Zanzibar Town is the heart of the archipelago with Stone Town its soul, and the first stop for most travellers.  A walk through its alleyways will give you a reason to easily loose yourself in centuries of history.

Each twist and turn in Zanzibar brings something new. Stone Town was host to one of the world’s last open slave markets and stories of cruelty still strike at the conscience.

While the best part of Stone Town is simply letting it unfold before you, it’s worth taking one of the recommended tours below to connect with local residents and appreciate its history.

Old Fort

Ngome Kongwe, the Old Fort was the first defensive structure built by the Busaidi Omani Arabs when they seized the island from the Portuguese in 1698, and was used as a prison and place of execution until the British transformed it into a ladies tennis club in 1949. Nowadays, it provides a dramatic screening venue for the International Film Festival, while restored rooms house offices for the Zanzibar Cultural Centre.

 Darajani Market

It is the main market with compelling sights. Here you will find all types of spices, meat, fish, live chicken and so much more. Items are auctioned in loud voices in their respective areas. It’s hot, heaving and entertaining. It is advisable to visit the market in the morning before the heat and crowds of people fill the market. Tourists are advised to respect the traditions and dress appropriately.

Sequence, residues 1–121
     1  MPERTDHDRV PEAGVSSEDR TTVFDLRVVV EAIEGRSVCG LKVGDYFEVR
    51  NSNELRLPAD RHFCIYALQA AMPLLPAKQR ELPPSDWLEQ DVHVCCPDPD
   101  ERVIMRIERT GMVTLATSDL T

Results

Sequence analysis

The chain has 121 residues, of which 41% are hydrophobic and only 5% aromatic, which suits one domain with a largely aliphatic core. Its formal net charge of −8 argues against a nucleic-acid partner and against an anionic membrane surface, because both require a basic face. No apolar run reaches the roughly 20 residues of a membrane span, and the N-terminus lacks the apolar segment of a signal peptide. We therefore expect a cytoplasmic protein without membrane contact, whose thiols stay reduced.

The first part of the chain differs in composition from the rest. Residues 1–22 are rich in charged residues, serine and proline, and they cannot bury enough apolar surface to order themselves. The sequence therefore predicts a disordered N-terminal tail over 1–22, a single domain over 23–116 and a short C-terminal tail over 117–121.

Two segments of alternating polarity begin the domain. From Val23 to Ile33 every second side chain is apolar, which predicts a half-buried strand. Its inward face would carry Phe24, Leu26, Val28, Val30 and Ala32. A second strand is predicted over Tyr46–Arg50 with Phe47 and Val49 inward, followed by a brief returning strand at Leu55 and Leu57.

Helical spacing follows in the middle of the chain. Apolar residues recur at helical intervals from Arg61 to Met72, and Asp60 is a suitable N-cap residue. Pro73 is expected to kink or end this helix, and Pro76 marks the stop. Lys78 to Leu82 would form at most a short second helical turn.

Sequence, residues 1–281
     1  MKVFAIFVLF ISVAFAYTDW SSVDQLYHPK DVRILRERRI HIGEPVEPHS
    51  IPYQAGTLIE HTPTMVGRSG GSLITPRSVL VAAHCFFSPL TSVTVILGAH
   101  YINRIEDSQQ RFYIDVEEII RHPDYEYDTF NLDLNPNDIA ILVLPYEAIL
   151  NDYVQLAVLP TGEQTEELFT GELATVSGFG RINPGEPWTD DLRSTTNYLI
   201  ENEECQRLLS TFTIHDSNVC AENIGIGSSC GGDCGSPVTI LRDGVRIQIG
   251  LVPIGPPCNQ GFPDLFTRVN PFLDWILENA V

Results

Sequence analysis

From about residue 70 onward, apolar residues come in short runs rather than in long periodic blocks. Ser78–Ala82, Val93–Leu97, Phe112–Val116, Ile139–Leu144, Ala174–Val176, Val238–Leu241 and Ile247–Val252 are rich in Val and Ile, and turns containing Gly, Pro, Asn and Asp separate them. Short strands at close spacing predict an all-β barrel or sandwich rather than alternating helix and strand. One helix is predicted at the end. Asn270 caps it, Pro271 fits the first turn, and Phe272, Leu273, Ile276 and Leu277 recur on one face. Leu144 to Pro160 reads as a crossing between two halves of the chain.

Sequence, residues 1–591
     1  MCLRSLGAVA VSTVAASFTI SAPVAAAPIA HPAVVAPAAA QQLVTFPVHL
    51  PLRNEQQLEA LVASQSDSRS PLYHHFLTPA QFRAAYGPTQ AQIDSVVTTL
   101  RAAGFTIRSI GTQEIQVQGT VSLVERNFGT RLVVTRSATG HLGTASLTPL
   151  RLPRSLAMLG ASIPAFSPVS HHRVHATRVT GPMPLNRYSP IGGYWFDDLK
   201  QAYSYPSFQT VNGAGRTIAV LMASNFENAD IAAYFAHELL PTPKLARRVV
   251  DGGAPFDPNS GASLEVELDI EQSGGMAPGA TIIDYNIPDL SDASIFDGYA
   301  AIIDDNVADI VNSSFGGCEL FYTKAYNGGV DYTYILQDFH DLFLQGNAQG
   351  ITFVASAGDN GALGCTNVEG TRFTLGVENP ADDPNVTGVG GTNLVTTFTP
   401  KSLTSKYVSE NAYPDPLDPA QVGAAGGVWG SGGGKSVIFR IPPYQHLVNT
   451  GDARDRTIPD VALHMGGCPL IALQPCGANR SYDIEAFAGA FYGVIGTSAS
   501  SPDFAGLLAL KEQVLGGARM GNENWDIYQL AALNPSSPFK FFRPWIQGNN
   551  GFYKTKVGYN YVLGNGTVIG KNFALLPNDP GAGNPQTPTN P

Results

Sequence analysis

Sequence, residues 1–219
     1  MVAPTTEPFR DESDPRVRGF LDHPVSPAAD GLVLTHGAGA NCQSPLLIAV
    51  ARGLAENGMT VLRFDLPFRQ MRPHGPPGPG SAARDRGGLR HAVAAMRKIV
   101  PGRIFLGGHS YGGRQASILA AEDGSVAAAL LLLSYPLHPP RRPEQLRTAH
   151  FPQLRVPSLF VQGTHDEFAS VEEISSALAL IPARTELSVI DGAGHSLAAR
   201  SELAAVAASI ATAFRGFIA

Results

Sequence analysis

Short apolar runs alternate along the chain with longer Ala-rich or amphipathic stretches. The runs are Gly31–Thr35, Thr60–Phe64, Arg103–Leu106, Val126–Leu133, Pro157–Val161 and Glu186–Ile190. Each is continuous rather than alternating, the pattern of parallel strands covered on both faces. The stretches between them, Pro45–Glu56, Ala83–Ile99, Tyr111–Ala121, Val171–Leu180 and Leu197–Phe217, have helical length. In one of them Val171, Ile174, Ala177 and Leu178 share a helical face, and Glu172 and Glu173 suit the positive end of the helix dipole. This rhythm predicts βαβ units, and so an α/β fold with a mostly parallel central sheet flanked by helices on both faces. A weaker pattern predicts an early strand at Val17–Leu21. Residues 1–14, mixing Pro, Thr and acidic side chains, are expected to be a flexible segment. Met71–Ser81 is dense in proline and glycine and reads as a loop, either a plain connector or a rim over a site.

Anglican Cathedral

Constructed in the 1870s by the Universities’ Mission to Central Africa (UMCA), this was the first Anglican cathedral in East Africa. It was built on the site of the old slave market, the altar reputedly marking the spot of the whipping tree where slaves were lashed with a stinging branch. It’s a moving sight, remembered by a white marble circle surrounded by red to symbolise the blood of the slaves.

Services are still held at the cathedral on Sunday mornings.

 Beit el-Sahel

This Palace Museum is a reconstruction of the Sultan Seyyid Said’s 19th-century palace home, which was destroyed by the British bombardment of 1896. It was later renamed the People’s Palace in 1964 following the overthrowing of the last sultan Jamshid.

Getting to know the key players such as Barghash and Majid, helps bring to life the now dusty displays. Both Barghash and Majid are buried outside in the Makusurani graveyard , alongside four other sultans.

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